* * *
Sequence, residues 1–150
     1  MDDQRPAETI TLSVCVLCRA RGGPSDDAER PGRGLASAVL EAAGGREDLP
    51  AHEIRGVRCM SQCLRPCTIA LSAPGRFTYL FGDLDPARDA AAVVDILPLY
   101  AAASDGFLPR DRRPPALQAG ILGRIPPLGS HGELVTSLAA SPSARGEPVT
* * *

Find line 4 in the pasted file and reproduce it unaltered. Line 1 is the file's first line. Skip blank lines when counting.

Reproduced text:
   101  AAASDGFLPR DRRPPALQAG ILGRIPPLGS HGELVTSLAA SPSARGEPVT